“It’s a transitional age for all young people,” said Barbara Guillen, a DCS permanency and youth services manager. “Eighteen does not make you an adult, but you are legally responsible to be an adult. You may not have the capacity to make the right decisions, and that’s true for all young people, and especially for young people who might not have the family support that others do.”

That’s why she is excited about the supportive components of Fostering Futures: “In my opinion, it’s the best part of the scholarships, all the onsite services that GCU will provide.”

The group had breakout groups to get to know one another, an icebreaker that filled the room with nervous laughter and talk that intermingled to create the picture of young lives:

I love food ... I’m a quiet person who likes to stay in the background ... I’m passionate ... I grew up everywhere ... I like to work with my hands ... I just turned 18 Sunday ... I lived in 12 group homes ... I just had my wisdom teeth out ... My mom did some bad things... I lived in Utah, then Arizona, then back to Utah and back to Arizona ... I’m so excited ...

They heard student body president Camden Marasco share this:

“Everyone is part of our family.”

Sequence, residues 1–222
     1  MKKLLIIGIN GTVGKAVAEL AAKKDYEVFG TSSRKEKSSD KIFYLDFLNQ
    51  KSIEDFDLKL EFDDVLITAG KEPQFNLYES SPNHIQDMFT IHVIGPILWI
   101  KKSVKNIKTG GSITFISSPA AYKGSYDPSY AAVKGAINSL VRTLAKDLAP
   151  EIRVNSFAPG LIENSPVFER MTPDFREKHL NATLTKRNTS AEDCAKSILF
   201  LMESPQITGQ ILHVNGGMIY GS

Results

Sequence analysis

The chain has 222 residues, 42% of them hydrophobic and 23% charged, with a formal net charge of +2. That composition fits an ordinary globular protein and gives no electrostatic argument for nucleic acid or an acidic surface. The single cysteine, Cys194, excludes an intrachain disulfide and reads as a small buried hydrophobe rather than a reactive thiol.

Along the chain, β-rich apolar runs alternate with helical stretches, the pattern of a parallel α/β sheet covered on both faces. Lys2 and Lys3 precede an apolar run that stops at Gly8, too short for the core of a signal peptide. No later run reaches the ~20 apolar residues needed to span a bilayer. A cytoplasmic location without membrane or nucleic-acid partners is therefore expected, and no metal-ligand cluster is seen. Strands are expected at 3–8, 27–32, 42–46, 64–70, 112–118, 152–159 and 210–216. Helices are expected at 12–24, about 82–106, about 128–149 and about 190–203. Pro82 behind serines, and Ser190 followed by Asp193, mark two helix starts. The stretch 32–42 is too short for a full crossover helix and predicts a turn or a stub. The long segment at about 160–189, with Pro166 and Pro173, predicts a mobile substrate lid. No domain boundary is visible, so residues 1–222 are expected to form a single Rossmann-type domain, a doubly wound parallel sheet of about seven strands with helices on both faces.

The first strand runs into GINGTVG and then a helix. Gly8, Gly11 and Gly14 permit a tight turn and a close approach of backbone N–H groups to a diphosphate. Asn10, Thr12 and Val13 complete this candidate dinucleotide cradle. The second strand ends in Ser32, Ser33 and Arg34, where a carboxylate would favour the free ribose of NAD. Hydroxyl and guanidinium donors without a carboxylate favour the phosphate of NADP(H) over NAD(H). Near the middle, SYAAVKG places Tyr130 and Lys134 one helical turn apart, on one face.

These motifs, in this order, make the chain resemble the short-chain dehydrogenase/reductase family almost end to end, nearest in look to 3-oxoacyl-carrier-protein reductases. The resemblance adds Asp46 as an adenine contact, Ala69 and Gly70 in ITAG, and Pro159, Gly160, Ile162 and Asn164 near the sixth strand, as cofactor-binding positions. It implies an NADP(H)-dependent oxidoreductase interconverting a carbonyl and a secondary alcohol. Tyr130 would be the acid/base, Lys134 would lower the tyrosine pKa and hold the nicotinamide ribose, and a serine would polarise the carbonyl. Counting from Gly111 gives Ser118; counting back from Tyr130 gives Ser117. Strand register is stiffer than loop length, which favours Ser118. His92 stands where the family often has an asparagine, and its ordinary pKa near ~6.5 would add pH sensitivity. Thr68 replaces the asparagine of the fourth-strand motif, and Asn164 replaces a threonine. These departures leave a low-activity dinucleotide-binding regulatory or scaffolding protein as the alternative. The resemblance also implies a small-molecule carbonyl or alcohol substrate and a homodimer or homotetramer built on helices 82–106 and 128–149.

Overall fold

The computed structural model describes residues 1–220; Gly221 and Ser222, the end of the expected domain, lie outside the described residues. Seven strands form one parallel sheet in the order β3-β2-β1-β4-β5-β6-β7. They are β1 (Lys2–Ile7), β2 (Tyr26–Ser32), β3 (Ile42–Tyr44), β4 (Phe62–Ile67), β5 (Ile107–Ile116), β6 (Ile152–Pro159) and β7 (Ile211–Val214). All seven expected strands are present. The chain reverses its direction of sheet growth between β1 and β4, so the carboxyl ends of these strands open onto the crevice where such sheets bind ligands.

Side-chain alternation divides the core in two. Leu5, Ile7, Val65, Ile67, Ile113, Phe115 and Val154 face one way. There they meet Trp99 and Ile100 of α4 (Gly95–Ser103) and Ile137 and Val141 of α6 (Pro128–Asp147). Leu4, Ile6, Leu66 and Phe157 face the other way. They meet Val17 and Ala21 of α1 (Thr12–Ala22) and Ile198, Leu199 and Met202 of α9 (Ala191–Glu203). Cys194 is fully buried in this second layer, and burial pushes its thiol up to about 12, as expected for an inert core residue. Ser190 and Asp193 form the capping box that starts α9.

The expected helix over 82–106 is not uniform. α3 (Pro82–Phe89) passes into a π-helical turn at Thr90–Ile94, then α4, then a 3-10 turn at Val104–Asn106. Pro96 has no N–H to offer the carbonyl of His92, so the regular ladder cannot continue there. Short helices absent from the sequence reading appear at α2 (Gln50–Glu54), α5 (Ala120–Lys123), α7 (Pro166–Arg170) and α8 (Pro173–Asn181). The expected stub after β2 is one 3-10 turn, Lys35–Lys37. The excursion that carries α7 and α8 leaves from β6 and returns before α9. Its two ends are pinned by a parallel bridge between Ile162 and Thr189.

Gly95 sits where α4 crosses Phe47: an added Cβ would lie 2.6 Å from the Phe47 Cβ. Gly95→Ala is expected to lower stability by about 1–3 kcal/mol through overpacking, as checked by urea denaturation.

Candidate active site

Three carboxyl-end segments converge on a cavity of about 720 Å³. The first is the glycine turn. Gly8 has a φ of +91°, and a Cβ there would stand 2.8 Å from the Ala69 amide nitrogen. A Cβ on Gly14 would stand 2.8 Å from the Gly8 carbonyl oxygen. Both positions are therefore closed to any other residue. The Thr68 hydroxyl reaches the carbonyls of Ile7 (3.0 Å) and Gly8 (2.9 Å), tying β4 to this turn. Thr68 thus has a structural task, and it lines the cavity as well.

Family and home. The words feel right to Lentz.

Fostering Futures admissions counselor Brady Farup talks with new students. (Photo by Ralph Freso)

She got through her challenging times as a youth with books.

“Foster care comes with trauma, and if you are in a bad place that’s where you can go. It’s an adventure where you get to go to different worlds,” she said. “You get to go to different places, and you get to live different lives.”

That’s how she decided to study marketing at GCU. “I’m hoping I can do marketing and advertising for books.”

Already, she has an evening student worker job as a cleaner, and when she gets off work, she can return to her residence hall room. It’s all hers.

“It’s nice to have adult space and not have to be quiet at 7 at night,” she said. “But I’ve also learned there is such a thing as too much quiet.”

That’s why she can’t wait for Welcome Week. She can’t wait to explore the clubs that she can join on campus.

“They even have a book club on campus,” she said. “I’m super excited. I get to meet new people and just be a part of it.”

Grand Canyon University senior writer Mike Kilen can be reached at [email protected] or at 602-639-6764.

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Fostering Futures

GCU has partnered with the Arizona Department of Child Safety to create a college pathway program for students who have aged out of foster care that covers 100% of tuition and fees and room and board year-around. They also receive specialized admission and student services counselors, mentorship and tutoring, life skills programming, student worker opportunities and access to CityServe items and Fostering Futures events on campus.

In addition, any student attending GCU who has transitioned out of foster care will receive those services even if they aren't a scholarship recipient.

For more information on Fostering Futures, email [email protected]

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Related content:

GCU News: GCU unveils scholarships for Arizona foster children

GCU News: Foster care experts put their heads, hearts together